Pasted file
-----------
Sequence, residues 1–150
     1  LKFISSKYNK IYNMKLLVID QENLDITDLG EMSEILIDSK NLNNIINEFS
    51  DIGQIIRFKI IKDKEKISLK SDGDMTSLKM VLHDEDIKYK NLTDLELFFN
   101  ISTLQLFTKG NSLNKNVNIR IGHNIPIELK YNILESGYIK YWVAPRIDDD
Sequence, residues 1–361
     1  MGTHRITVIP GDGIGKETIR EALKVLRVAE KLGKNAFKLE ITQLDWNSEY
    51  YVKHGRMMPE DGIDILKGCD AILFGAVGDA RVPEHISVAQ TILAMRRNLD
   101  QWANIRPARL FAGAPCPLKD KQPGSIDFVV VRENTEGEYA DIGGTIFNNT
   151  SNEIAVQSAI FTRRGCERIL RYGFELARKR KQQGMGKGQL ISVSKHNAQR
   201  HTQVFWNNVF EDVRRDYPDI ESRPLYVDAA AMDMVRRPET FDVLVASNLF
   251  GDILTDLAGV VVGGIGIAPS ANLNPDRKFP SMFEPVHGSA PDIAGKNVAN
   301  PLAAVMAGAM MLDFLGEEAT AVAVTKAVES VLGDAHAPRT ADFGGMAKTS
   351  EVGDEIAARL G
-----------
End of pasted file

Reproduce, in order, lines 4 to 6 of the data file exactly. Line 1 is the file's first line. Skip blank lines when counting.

   101  ISTLQLFTKG NSLNKNVNIR IGHNIPIELK YNILESGYIK YWVAPRIDDD
Sequence, residues 1–361
     1  MGTHRITVIP GDGIGKETIR EALKVLRVAE KLGKNAFKLE ITQLDWNSEY